by Kay Laurence
The concept of “being a clicker trainer” is always going to lead to argument and misunderstanding because it cannot exist alongside the science and technology. It is a “fakery” of our time.

The clicker itself is a simple tool that when used in conjunction with technology provides clarity and understanding in teaching. Using Facebook does not make you  social, it is the tool that gives you the opportunity to be social. You still need some skills and understanding of what being social is. We learn the difference between “liking” post and “like” a page or business. They don’t mean the same thing. Neither a clicker or Facebook when used by themselves have little or no effect on improving communication.

Many folk learned their virtual social skills in the list and email groups. We learned to follow threads, avoided social reactivity and explain ourselves with detail. The new tool for virtual socialisation has adapted those skills, and the folk who missed the email shaped behaviours are shaped in this icon based era.

I can see the similarity in dog training. Skills established pre-clicker evolution, were adapted and honed with the use of the new tool. But for those who arrived in the clicker period these skills are often absent and the clicker itself becomes central to the protocol.

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Dominance in Canine Behavior: Reality or Myth?

By Don Hanson BFRAP CDBC ACCBC CPDT-KA

Photo: (c) Can Stock Photo

The concept of dominance in dog training is still pervasive today in some circles in spite of the advances made in behavioral science. Photo: © Can Stock Photo

It was in the September of 2002 that the first version of this article appeared in Paw Prints, the Green Acres Kennel Shop newsletter. I update the article on a regular basis because sadly there are still too many people promulgating the dominance myth. Unfortunately a popular reality TV show has captured people’s attention and is talking about dogs as pack animals and again perpetuating the idea of using “calm-assertive energy” (read: fear and intimidation) to resolve issues with problem dogs.  Like most “reality” TV shows there is very little that is real here. The methods and approach used on this show are contraindicated by science and behavioral experts and many consider them inhumane. Unfortunately, many viewers do not seem to understand that the show is edited but instead believe “miracles happen in 30 minutes.” Even though each show contains a disclaimer; “please do not attempt any of these techniques on your own, consult with a professional,” people do try these techniques at home and cause further harm to dogs that are already suffering. As result the two largest organizations of professionals that deal with animal behavior; the American Veterinary Society of Animal Behavior (AVSAB) and the Association of Pet Dog Trainers (APDT) have issued official positions warning against the use of the dominance approach in training or dealing with behavioral issues with dogs. In 2010 Green Acres elected to do the same in an effort to educate dog lovers about our position on this topic via a position statement.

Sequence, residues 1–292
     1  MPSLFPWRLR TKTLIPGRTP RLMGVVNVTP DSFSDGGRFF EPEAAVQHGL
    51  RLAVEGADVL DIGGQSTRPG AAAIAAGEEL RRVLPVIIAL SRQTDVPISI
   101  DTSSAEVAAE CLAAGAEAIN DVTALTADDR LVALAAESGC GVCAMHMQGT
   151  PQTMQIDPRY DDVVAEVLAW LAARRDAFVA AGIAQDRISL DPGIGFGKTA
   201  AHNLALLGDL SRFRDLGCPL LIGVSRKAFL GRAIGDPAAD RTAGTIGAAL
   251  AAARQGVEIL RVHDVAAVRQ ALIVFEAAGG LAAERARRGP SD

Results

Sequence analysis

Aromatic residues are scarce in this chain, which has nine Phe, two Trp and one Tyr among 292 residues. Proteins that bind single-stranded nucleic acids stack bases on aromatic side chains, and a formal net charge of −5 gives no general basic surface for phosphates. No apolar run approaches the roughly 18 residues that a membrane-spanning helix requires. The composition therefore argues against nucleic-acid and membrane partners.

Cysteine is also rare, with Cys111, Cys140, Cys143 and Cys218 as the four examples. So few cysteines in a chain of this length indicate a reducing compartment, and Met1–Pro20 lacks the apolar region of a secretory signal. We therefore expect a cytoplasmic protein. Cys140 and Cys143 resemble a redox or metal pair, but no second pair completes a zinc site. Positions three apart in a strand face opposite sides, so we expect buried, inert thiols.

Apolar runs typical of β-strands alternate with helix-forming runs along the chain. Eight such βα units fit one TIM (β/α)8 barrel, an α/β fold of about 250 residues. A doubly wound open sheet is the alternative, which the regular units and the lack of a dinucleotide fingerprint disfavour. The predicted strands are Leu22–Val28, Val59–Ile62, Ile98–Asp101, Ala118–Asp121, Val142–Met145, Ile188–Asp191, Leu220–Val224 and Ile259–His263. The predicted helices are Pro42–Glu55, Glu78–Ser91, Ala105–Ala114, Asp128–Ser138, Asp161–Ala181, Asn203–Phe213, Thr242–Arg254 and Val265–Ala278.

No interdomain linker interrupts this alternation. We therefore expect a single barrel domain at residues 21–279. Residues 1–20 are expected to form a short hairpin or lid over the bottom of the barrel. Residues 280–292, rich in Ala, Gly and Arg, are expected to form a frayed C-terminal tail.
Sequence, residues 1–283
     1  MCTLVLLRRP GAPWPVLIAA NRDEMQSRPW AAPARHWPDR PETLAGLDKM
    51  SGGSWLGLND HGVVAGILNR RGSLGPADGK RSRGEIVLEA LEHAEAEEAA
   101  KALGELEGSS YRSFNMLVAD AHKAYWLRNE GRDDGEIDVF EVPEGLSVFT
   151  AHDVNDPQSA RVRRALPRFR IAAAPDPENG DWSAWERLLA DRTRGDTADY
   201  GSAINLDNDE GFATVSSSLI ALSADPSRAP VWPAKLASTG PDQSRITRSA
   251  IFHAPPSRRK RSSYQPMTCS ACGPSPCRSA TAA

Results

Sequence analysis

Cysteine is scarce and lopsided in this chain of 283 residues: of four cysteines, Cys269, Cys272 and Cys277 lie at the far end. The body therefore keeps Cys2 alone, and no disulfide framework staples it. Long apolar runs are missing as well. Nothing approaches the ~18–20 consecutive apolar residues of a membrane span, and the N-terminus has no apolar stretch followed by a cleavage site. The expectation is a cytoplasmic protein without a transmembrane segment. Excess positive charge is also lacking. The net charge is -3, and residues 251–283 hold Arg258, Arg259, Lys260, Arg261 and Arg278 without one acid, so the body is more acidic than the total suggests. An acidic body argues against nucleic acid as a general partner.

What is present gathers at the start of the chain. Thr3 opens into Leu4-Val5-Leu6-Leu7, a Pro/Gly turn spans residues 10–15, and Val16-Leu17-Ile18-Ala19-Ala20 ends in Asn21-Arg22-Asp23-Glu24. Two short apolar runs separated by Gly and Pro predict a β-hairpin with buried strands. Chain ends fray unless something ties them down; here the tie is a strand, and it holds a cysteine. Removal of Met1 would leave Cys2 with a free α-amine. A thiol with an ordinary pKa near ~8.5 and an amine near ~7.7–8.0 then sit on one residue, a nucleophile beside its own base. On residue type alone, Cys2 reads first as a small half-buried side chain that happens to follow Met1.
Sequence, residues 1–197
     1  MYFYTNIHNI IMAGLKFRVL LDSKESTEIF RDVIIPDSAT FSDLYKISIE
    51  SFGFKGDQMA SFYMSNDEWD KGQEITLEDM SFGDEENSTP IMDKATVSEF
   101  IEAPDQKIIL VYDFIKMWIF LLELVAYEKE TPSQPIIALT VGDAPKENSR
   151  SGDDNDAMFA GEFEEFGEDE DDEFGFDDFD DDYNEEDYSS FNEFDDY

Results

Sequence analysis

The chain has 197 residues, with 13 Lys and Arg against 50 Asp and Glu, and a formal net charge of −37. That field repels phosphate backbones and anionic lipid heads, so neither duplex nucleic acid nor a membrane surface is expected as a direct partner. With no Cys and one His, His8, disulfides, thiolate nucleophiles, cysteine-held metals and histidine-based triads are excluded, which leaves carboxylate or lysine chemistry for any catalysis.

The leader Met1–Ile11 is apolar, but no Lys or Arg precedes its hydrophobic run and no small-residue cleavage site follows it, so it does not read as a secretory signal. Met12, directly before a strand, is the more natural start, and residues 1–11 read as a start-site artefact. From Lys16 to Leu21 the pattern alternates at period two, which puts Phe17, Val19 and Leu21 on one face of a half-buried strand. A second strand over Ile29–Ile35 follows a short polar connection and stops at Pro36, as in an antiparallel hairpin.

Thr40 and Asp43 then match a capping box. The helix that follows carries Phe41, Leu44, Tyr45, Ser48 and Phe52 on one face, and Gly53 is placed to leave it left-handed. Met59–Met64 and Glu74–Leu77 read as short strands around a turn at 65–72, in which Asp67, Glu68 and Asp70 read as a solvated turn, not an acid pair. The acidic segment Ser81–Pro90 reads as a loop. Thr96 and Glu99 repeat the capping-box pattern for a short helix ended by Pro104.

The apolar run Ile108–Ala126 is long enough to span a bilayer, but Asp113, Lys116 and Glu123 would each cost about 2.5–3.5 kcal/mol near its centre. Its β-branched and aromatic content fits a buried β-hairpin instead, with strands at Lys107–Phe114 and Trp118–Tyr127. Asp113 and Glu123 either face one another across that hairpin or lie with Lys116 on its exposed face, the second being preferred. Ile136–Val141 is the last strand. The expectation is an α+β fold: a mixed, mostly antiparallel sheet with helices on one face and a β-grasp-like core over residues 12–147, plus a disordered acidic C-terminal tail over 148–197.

If you attended a dog training class anytime  through the 1990’s, if you read any dog training books written during this period, or if you have had any behavioral issues with your dog, then you have most likely heard about dominance. You were probably told that in order to prevent your dog from becoming dominant that you had to do one or more of the following things:

  1. Always go through doorways first,
  2. Always eat before your dog,
  3. Never allow the dog on furniture where they might be elevated above you,
  4. Never allow the dog to sleep on your bed,
  5. Always punish your dog for stealing or chewing things that belong to you,
  6. Push your dog away when they jump up or paw at you, and
  7. Never let your dog pull on leash.

Essentially you were advised to be ever vigilant and to show your dog that you were the boss in order to prevent him from taking over your home and becoming disobedient and even possibly aggressive.